YWCA’s Heritage Panel and Healthy Relationships Programs

September 11, 2013

We’re at the beginning of another school year, and while students are getting back into the flow, the YWCA is gearing up as well with two programs to promote social justice and encourage healthy dating relationships.

Heritage Panel, a social justice program, empowers middle and high school students to become leaders in making their schools more welcoming, accepting places for their classmates. Teachers and administrators also gain crucial knowledge on how to teach conflict management.

Heritage Panel starts with a fun yet intensive two-day training for a diverse group of students, teachers and administrators who make a commitment to discourage bullying, harassment and discrimination at their school. Throughout the training, teachers and students discuss important but often ignored issues that affect individual experiences at school - issues like cliques, race, gender, sexual orientation and exclusion. After the training, students share what they have learned by giving presentations to their fellow classmates.

“No one understands the social climate of a school more than the students who go there. Heritage Panel recognizes the students' insight, encourages students to dream together about a school climate that is inclusive and welcoming to all, and empowers students to make the changes that only students can make,” says Joan Witherspoon-Norris, Director of Social Justice.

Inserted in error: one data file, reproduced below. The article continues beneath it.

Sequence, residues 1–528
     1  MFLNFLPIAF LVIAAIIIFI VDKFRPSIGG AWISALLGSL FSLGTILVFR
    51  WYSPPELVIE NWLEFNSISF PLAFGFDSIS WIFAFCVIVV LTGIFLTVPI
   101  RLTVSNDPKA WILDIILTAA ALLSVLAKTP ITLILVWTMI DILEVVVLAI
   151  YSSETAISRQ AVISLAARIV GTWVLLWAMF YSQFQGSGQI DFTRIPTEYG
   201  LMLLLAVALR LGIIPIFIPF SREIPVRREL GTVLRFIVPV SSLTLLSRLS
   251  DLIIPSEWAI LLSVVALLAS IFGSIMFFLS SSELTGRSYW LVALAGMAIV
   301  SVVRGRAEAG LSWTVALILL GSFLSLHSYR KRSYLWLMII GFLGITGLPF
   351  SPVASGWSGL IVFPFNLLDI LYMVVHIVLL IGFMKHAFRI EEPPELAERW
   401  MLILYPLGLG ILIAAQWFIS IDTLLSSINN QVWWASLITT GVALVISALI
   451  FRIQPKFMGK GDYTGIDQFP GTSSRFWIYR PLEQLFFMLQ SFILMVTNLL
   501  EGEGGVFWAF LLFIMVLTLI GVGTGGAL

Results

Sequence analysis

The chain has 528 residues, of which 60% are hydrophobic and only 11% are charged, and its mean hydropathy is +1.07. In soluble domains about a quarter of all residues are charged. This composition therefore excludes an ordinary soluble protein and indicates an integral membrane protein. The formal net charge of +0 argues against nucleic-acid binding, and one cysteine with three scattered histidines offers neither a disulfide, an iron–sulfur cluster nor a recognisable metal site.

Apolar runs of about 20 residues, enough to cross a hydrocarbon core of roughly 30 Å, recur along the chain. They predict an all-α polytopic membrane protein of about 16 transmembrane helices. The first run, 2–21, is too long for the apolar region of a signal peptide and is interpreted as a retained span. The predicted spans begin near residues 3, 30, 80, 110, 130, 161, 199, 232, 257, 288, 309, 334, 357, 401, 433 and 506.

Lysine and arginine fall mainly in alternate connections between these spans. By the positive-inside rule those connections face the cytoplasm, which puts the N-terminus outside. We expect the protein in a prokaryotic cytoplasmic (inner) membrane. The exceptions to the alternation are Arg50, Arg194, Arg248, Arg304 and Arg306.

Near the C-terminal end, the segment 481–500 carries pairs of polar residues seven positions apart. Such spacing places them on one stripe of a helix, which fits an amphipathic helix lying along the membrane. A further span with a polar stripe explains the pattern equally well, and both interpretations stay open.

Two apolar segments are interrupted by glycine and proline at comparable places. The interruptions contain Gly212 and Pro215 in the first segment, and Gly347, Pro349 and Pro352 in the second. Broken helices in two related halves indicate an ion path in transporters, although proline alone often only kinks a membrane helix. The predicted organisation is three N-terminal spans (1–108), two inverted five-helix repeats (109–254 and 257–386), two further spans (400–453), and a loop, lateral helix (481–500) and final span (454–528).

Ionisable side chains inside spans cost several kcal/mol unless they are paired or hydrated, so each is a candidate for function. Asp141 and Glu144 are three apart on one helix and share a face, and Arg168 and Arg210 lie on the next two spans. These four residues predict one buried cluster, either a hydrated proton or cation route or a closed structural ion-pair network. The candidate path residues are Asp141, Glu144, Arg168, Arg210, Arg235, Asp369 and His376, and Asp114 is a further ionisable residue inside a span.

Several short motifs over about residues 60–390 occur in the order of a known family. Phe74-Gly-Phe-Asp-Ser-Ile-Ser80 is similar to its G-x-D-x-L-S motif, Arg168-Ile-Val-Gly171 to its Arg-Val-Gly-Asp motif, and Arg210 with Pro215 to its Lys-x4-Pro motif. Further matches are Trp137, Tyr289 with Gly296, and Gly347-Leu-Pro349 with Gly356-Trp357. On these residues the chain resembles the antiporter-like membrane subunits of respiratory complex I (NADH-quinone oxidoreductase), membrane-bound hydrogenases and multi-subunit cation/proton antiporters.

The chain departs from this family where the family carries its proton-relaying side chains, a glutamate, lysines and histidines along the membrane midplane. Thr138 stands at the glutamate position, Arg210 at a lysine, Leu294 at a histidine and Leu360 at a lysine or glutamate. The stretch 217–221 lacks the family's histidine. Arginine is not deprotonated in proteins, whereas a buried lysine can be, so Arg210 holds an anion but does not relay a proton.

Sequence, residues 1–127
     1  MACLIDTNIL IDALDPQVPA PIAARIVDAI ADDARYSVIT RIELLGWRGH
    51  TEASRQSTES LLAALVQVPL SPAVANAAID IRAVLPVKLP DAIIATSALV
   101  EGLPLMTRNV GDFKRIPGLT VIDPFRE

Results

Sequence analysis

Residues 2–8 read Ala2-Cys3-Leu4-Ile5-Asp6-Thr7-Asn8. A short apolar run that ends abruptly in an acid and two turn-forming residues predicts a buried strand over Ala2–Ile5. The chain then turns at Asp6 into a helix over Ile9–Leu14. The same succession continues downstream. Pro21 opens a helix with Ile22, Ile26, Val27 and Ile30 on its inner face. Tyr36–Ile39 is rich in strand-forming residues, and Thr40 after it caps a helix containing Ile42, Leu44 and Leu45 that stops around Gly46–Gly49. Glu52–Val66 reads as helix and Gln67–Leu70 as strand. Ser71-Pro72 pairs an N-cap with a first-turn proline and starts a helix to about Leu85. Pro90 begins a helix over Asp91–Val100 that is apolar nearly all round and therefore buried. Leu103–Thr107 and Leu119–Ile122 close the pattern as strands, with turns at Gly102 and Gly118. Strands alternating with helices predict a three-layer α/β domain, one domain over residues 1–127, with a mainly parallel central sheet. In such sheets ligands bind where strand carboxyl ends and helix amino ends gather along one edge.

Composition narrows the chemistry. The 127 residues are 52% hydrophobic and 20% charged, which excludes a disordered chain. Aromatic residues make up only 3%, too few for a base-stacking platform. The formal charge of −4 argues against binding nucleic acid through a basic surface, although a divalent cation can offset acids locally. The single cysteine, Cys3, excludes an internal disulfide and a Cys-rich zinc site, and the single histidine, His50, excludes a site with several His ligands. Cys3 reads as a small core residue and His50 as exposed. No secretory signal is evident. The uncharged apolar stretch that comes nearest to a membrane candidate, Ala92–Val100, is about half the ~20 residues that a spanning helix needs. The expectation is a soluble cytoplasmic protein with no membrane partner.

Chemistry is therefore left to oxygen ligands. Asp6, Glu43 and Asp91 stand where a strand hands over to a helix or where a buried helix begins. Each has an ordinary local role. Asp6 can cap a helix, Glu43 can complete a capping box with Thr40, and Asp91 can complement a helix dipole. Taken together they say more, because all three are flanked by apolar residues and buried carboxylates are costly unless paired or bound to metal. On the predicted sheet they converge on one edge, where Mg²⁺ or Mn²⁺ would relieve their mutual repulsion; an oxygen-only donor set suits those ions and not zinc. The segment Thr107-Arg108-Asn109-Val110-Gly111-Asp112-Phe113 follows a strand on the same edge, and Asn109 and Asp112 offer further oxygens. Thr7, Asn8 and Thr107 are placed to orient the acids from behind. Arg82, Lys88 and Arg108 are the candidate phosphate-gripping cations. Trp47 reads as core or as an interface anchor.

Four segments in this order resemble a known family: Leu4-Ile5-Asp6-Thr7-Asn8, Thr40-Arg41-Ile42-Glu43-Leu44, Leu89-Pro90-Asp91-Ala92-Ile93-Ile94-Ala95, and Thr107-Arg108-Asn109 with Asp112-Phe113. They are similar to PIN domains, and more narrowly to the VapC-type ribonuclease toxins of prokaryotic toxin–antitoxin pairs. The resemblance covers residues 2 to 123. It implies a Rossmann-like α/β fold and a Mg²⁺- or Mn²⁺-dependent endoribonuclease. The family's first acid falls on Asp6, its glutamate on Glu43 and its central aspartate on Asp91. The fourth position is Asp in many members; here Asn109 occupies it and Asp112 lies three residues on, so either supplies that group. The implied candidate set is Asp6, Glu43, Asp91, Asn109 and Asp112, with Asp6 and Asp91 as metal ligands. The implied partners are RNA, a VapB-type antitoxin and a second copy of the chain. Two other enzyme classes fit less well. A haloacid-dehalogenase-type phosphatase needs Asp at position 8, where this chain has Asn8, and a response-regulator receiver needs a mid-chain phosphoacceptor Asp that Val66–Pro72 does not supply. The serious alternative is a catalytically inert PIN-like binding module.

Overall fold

One participant from Homewood High School shared, “I think that I will be more aware of discrimination from day to day, and be more prepared to stand against it.”  Another student, from Leeds High School, took away the skills he needed to better understand his peers, “I will gain a deeper knowledge of the things that connect us as human beings.”

Witherspoon-Norris goes on to say, “The YWCA is proud to offer the Heritage Panel program, which got its start in 1999 with the National Conference for Community and Justice of Alabama. It is a privilege to work with dedicated students and educators who stick their necks out for others and work for fairness and kindness at their schools.”  Currently, 13 schools have the Heritage Panel program.

Another program for area middle and high schools is the YWCA’s Healthy Relationships. The program utilizes the Safe Dates curriculum, an evidence-based curriculum that has been designated as a model program by the Substance Abuse and Mental Health Services Administration. It was selected for the National Registry of Evidence-based Programs and Practices (NREPP), receiving high ratings on all criteria.

Amanda Carmichael, Assistant Director of Domestic Violence Services at the YWCA explains, “It is critically important for teens and pre-teens to be educated on what healthy and unhealthy relationships really look like. Safe Dates is an interactive, fun program designed to prevent teen dating violence by educating teens on the hallmarks of healthy relationships.”

One administrator from P.D. Jackson-Olin High School expressed his gratitude for the program being available for the students saying “I am truly impressed with the lesson and the result that it brought for my students!”  A student participant explained her experience, “I learned a lot about dating relationships and being able to recognize the ‘red flags’ of being abused in a relationship.”

Both programs are primarily implemented by AmeriCorps members whose service is made possible by a grant from the Corporation for National Community Service through Serve Alabama.  If you would like to provide these programs to your school, please follow these links for more information on Heritage Panel and Healthy Relationships.

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